So I was learning a little bit about the giving of the Torah on Mount Sinai, and I found something interesting in the Midrash. According to one interpretation, when G‑d said the Ten Commandments to the Jewish people, there was no echo! I was like "WHAT?! No echo? Aren't we talking about G‑d here?" Anyways, to try to figure things out, I decided to start by understanding echoes better.

What you need: 1. Your voice 2. Plastic cup 3. Cotton balls

Step 1: Hold the empty plastic cup up to your mouth and start talking into it. It should sound kind of echo-ish or amplified. You can do this for a while if you want, and pretend you have a microphone.

Step 2: Fill the cup up with cotton balls (if you couldn't find any, you can use tissues instead). Now try your microphone trick again. This time it's probably not so echoey.

Step 3: Now walk around your house or school and try shouting out "Echo!" in different rooms. Try big rooms, small rooms, empty rooms and full rooms.

What's going on?

Echoes happen when sound bounces off of something and come back to your ear. Different surfaces will allow the sound to bounce more or less- and therefore create stronger or weaker echoes - depending on how solid and hard they are. When you spoke into the empty cup, your voice bounced off the plastic and back to you. When you filled the cup up with cotton balls and spoke into it, your voice got absorbed into the cotton balls, and didn't bounce back.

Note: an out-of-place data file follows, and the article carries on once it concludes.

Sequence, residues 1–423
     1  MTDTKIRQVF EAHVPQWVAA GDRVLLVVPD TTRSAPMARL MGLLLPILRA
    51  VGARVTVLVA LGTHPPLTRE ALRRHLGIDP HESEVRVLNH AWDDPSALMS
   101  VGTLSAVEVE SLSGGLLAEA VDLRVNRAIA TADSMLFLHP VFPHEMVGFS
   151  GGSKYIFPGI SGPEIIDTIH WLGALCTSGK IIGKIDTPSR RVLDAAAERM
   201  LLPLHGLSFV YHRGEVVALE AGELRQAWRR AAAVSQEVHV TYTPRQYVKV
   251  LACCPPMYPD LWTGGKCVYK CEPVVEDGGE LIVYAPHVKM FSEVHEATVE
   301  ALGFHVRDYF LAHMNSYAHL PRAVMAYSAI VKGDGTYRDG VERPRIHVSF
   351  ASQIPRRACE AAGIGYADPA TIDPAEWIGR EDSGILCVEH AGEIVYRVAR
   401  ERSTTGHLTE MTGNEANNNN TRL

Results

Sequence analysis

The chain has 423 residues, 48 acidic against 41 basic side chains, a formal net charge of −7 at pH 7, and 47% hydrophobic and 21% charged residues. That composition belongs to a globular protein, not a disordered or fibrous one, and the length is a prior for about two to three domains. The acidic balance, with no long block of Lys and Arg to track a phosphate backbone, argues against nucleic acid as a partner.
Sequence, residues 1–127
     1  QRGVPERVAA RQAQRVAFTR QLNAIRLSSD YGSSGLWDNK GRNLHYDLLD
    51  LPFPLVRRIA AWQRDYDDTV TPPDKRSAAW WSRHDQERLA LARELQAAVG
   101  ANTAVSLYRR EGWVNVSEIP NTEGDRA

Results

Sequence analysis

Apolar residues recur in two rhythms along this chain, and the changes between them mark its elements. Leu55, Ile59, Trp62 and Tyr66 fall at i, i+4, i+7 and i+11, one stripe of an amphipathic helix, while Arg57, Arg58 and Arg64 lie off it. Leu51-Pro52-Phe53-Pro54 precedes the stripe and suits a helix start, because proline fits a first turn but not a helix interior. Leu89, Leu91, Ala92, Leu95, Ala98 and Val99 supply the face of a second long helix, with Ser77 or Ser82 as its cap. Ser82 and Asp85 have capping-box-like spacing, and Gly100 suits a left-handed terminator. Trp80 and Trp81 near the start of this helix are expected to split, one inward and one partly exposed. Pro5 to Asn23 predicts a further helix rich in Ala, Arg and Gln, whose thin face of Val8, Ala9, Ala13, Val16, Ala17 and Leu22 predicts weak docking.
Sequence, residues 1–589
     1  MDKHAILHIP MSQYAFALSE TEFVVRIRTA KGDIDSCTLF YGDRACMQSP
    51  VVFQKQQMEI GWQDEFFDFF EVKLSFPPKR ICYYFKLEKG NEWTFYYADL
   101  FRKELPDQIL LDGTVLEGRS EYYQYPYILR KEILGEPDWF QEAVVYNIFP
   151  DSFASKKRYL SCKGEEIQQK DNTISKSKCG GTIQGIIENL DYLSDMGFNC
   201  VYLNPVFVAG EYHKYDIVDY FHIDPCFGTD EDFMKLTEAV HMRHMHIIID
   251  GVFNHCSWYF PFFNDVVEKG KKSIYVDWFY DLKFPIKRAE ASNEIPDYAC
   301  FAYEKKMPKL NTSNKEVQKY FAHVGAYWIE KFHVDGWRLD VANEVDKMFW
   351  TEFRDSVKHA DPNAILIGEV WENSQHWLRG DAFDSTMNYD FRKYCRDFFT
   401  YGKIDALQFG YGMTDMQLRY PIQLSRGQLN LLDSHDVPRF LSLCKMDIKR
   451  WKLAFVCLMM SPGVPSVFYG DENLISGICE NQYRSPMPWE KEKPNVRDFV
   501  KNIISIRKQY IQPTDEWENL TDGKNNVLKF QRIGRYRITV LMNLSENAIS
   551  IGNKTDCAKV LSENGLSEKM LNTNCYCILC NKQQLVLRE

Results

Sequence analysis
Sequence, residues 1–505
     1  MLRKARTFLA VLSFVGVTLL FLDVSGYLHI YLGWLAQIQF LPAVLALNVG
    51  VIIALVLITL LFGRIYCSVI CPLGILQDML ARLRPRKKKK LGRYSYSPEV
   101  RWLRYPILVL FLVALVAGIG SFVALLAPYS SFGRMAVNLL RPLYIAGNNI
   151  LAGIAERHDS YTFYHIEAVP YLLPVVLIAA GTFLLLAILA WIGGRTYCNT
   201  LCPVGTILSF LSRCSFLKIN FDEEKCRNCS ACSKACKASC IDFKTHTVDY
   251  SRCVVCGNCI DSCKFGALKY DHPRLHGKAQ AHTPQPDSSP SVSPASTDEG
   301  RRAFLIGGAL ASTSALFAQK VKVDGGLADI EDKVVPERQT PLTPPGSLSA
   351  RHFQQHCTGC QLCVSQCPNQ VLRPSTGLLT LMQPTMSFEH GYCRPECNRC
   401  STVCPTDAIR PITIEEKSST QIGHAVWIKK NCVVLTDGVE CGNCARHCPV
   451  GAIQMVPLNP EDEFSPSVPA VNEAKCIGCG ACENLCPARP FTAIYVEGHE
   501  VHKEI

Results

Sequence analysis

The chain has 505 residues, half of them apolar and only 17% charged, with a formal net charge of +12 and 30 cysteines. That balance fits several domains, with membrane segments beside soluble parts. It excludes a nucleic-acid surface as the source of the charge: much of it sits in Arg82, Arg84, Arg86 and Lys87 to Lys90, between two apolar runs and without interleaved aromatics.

When you went around looking for “echoey” rooms, the biggest, emptiest rooms probably worked the best. That's because the sound went straight to the wall and bounced right back to you. But if the room is full of stuff, it'll get absorbed into each thing it hits, or just bounce off into a zillion different directions. Either way you get less of an echo.

Things to think about:

When G‑d gave us the Torah, the voice didn't echo because it didn't bounce off of anything- it got absorbed into everything in the world. That's because Torah is a part of our lives everywhere and in everything we do!